How to deal with problem Coyote in Connecticut

Coyote (Eastern coyote)


Although the coyote is currently found throughout almost all of North America, it is a relatively new inhabitant of regions east of the Mississippi. Incredibly adaptable, coyotes are found in almost every habitat type, even in our most urban areas. Their color, size and appearance varies across the range, but they are usually light gray to brownish-yellow with a light gray to cream-colored belly. Adult males in the northeastern U.S. typically weigh 40-45 pounds and females average 30-35 pounds. Coyotes are social animals and commonly yip, bark, and howl to communicate; however, urban dwelling coyotes tend to be quieter. They are most active at night and in early morning. They use sheltered areas such as burrows, hollow trees, rock crevices, and thick underbrush, as well as spaces under sheds and decks, as dens and resting areas.

Coyotes are primarily carnivorous, but also opportunistic. Their diet tends to reflect the most abundant prey species in their area and commonly includes small rodents, rabbits, carrion, deer, waterfowl, livestock, poultry and sometimes free-ranging pets. Seasonally they eat fruit and berries. They are also scavengers and will eat carrion of large animals like deer. In populated areas they also eat garbage and pet food. Attacks on small dogs and cats are uncommon but sometimes occur, primarily in areas where coyotes have become habituated to humans.Attacks on people are rare but increasing in areas where coyotes are being fed or are accustomed to humans. Although coyotes are susceptible to rabies, documented reports of rabid coyotes are uncommon in comparison to other canid species.

Coyotes that have been fed, particularly in neighborhoods, parks, and campgrounds, pose the greatest risk of attacking people. Coyotes living in populated areas get used to people, and are drawn to yards by pets, pet food, garbage and potential denning sites. This proximity causes occasional attacks on humans – including, in relatively rare instances, predatory attacks on small children. Preventing conflicts requires increasing awareness of local coyote activity, protecting pets, eliminating food and habitat and, whenever possible, hazing coyotes that encroach into yards and parks .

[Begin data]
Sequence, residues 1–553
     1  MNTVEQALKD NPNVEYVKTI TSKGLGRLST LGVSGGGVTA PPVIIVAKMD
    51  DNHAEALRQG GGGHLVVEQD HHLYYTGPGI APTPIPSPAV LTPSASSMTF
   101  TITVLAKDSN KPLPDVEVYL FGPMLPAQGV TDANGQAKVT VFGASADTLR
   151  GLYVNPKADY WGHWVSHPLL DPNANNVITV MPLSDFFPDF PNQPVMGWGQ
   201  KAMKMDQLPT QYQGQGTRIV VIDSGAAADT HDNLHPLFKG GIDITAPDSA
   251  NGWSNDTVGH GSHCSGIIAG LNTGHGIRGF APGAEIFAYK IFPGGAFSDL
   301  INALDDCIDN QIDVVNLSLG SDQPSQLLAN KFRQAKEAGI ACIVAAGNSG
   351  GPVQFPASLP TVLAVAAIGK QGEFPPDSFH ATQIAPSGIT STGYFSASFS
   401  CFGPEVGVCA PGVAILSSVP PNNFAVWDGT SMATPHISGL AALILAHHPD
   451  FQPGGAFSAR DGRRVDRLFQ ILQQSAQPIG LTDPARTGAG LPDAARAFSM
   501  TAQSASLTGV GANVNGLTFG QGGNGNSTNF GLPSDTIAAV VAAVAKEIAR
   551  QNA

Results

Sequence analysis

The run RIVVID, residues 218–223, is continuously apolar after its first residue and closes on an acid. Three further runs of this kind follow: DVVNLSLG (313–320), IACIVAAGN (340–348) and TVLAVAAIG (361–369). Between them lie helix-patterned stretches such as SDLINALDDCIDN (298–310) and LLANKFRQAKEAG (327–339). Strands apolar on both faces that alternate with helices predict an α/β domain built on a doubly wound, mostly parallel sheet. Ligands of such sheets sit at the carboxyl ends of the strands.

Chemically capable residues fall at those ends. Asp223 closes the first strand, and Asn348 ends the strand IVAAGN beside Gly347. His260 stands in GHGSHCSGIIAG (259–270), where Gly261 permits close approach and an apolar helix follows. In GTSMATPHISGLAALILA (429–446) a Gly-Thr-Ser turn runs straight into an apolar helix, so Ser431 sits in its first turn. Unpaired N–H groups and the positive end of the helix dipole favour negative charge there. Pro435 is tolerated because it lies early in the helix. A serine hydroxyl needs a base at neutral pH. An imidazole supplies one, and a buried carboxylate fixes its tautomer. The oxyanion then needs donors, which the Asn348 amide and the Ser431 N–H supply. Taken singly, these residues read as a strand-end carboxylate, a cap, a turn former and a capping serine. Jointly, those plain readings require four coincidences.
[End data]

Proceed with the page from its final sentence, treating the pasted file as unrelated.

How to avoid conflicts with coyotes:

  • Do not feed coyotes
  • Do not let pets run loose or unattended
  • Do not run from a coyote
  • Report aggressive or fearless coyotes immediately
  • Do not create conflict - If a coyote is attempting to avoid humans and pets, do not seek out opportunities to haze or aggravate the animal

Connecticut - Report Coyotes

To report coyote problems and for control information: 

  • Your local animal control office
  • Connecticut Department of Energy and Environmental Protection - Wildlife Division: (860) 424-3011

To report animals that are behaving abnormally or are posing an immediate public threat:

  • Your local police department
  • Connecticut Department of Energy and Environmental Protection Emergency Dispatch Office (24 hrs.): (860) 424-3333

Laws and regulations to be aware of

Regulations for Connecticut

Trapping and shooting general information for homeowners

Outside of regulated seasons, homeowners are strictly prohibited from trapping and shooting wildlife, unless the animal has been causing property damage or is an obvious threat to public health and safety. If trapping and/or shooting is undertaken under these circumstances, homeowners must still comply with the state’s regulated season trapping laws, which regulate trap types and sizes, baits and lures, location and placement, and how often traps must be checked  Homeowners must also comply with regulated season firearms laws, which regulate allowable weapons and ammunition, and discharge and shooting times.  Finally, homeowners must comply with all state and local firearms regulations and restrictions, and any other applicable local ordinances.  For regulated season trapping and shooting regulations and any other information on the regulated season, see the CT Hunting and Trapping Guide.  Please see the CT Law Library for information on state firearms regulations. Contact your municipality for information on local firearms restrictions and other applicable local ordinances.

Regulated trapping season

There is a regulated season for this species during which it may be trapped by a licensed trapper.  If hiring a contractor to trap any animal from your property, you should ask to see licenses and/or permits before any trapping activity begins.  Please contact the DEEP Wildlife Division at (860) 424-3011 or see the CT Hunting and Trapping Guide for more information.

Regulated hunting season

In Connecticut, there is a legal hunting season for this species.  Shooting may only be done by a licensed hunter or the landowner of the property, and hunters must follow all laws and regulations regarding allowable weapons and ammunition.  Check the CT Hunting and Trapping Guide for information on season dates and required permits, and for any special conditions.

While we attempt to provide guidance about state and federal regulations pertaining to specific species and control techniques, we do not provide information about local jurisdictions (city, town, county, etc.) where regulations may be more restrictive, especially as it applies to discharge of firearms, transport of animals or use of trapping equipment. Contact your local city or county government to inquire further. No guarantee is made that information (or lack of information) associated with a species or control technique is completely accurate or current. You should become familiar with federal, state and local laws before beginning any wildlife control activities.